2018 Annual Short Fiction Contest Winner: "God's Hands"

        In August of his last year of medicine residency, Dr. Delisle had been assigned to a Catholic hospital’s intensive care unit. It was kung fu medicine: new-minted ward interns pitched desperate cases; he parried them back—or to the morgue. It was fight choreography, diagnosis at a glance, therapeutics on the fly. It was a rush: grappling with death, flinging it away for a day, a week, a lifetime.
        Eddie Scanlan was one of his cases: squamous carcinoma of the right maxillary sinus. He’d had it awhile: Eddie cared more about drink than facial asymmetry, especially when it came on gradually and hurt no worse than a stuffed head. By the time surgeons saw him, cancer had invaded the orbit and pushed his right eye awry, so Eddie looked at the world cockeyed--his left ahead, right up and away. They’d cut out the tumor, along with his right maxilla, part of his nose, and the floor of his orbit and they’d still left cancer at the margins. Radiation destroyed the eye and so scarred the surgical bed that plastic surgeons despaired of reconstruction. To cover the cavity, prosthetics had fashioned a mask he could hang from his ears like a false beard, but Eddie couldn’t drink with it and had lost it soon after discharge from another failed tour in rehab.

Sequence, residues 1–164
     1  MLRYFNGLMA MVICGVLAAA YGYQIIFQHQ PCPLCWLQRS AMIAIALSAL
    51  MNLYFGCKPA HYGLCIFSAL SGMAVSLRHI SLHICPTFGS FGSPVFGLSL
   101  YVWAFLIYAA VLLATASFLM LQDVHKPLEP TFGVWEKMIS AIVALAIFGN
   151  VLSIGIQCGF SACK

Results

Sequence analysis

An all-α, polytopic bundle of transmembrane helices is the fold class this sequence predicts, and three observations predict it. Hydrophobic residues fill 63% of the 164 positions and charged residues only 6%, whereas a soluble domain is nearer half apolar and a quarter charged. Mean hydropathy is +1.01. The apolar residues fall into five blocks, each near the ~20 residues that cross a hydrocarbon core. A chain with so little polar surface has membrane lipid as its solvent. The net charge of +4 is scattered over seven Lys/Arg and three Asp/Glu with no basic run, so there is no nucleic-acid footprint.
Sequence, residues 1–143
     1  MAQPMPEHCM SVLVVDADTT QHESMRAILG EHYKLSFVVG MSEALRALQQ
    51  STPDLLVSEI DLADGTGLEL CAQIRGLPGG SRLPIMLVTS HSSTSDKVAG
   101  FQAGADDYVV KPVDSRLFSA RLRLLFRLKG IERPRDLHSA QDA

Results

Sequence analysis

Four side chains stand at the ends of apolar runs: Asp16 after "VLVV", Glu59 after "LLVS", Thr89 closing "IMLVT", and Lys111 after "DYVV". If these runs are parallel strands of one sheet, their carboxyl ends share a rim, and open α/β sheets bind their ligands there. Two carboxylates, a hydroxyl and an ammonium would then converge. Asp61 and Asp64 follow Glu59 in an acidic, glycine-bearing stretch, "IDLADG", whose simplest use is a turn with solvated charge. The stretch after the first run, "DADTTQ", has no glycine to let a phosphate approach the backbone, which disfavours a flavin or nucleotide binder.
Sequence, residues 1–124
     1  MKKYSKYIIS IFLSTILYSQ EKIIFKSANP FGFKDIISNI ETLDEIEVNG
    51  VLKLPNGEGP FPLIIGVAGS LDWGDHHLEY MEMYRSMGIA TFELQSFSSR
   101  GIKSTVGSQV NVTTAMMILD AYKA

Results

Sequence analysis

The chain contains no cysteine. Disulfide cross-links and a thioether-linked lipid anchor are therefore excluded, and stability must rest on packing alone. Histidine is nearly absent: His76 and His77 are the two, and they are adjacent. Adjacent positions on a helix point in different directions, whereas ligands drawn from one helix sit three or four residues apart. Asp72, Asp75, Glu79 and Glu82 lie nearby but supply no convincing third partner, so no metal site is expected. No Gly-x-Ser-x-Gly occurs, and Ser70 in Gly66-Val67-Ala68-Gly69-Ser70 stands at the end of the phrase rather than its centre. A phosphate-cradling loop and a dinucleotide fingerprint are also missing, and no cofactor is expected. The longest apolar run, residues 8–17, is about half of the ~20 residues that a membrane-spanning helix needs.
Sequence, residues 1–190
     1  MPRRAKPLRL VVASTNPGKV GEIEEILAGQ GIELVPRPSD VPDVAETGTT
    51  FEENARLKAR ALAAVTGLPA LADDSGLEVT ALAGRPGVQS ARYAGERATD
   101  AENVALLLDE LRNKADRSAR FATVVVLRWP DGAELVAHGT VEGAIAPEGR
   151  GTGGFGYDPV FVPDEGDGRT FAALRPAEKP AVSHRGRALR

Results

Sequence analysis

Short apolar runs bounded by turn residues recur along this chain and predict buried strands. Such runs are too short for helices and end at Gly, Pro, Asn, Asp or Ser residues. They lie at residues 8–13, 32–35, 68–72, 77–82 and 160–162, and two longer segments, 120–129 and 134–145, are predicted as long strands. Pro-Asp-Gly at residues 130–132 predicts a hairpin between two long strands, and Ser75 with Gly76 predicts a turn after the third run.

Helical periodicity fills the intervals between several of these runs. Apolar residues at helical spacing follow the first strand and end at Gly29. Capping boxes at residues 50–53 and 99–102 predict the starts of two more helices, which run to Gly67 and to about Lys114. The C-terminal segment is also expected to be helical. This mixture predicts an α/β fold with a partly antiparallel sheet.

Eddie wound up in ICU with seizures as his cancer recurred in the floor of his skull and gnawed through meninges into brain. Antibiotics and radiation arrested it, but Actinomyces infected his cheekbone. His dressings were fungal orange, and the smell when the intern changed them was of rotting meat and grape must.
        Eddie had no family he could remember, or that wanted to remember him. He had no address, insurance, or assets. He’d had drinking buddies, no friends. No one visited, except Sister Alice, who brought the hardest cases prayer and St. Jude medals.
        She used to pray with Eddie Scanlan. Nothing controlled Eddie’s infection or his cancer, which ate through the bones of his forehead into his other eye, so that he lay abed blind, and of course he hadn’t been able to talk intelligibly since his upper jaw had gone into formalin.
        Sister Alice had asked who had charge of Eddie’s case; the nurse had pointed out Dr. Delisle correcting an intern’s note on a cirrhotic dying of peritonitis. She sat by him, looking at Eddie.
        “What will happen?” she asked.
        Dr. Delisle thought. “His tumor will squash his brain down his spinal canal. Or his fungal infection will burst into his bloodstream. Or his leg veins will clot and throw an embolism. Or he’ll just die.”
        She nodded.
        Sister Alice seemed old to him then but couldn’t have been sixty. A slip of a woman, she wore a gray shift over white turtleneck, brown brogans over the knee socks only Catholic schoolgirls wear.
        “And how long might that take?”
        “Eddie should have died last year, and again last month, and again yesterday.”
        “So you know when men should die, then?”
        “Eddie tries to die. Whether he should or not, I couldn’t say. I try to stop him.”
        “And why is that?”
        “It’s what I do.”
        She waited, but there wasn’t more.
        “And you? Why pray for the dying?”
        “Because the living are such a disappointment. But then, doctor, you knew that.”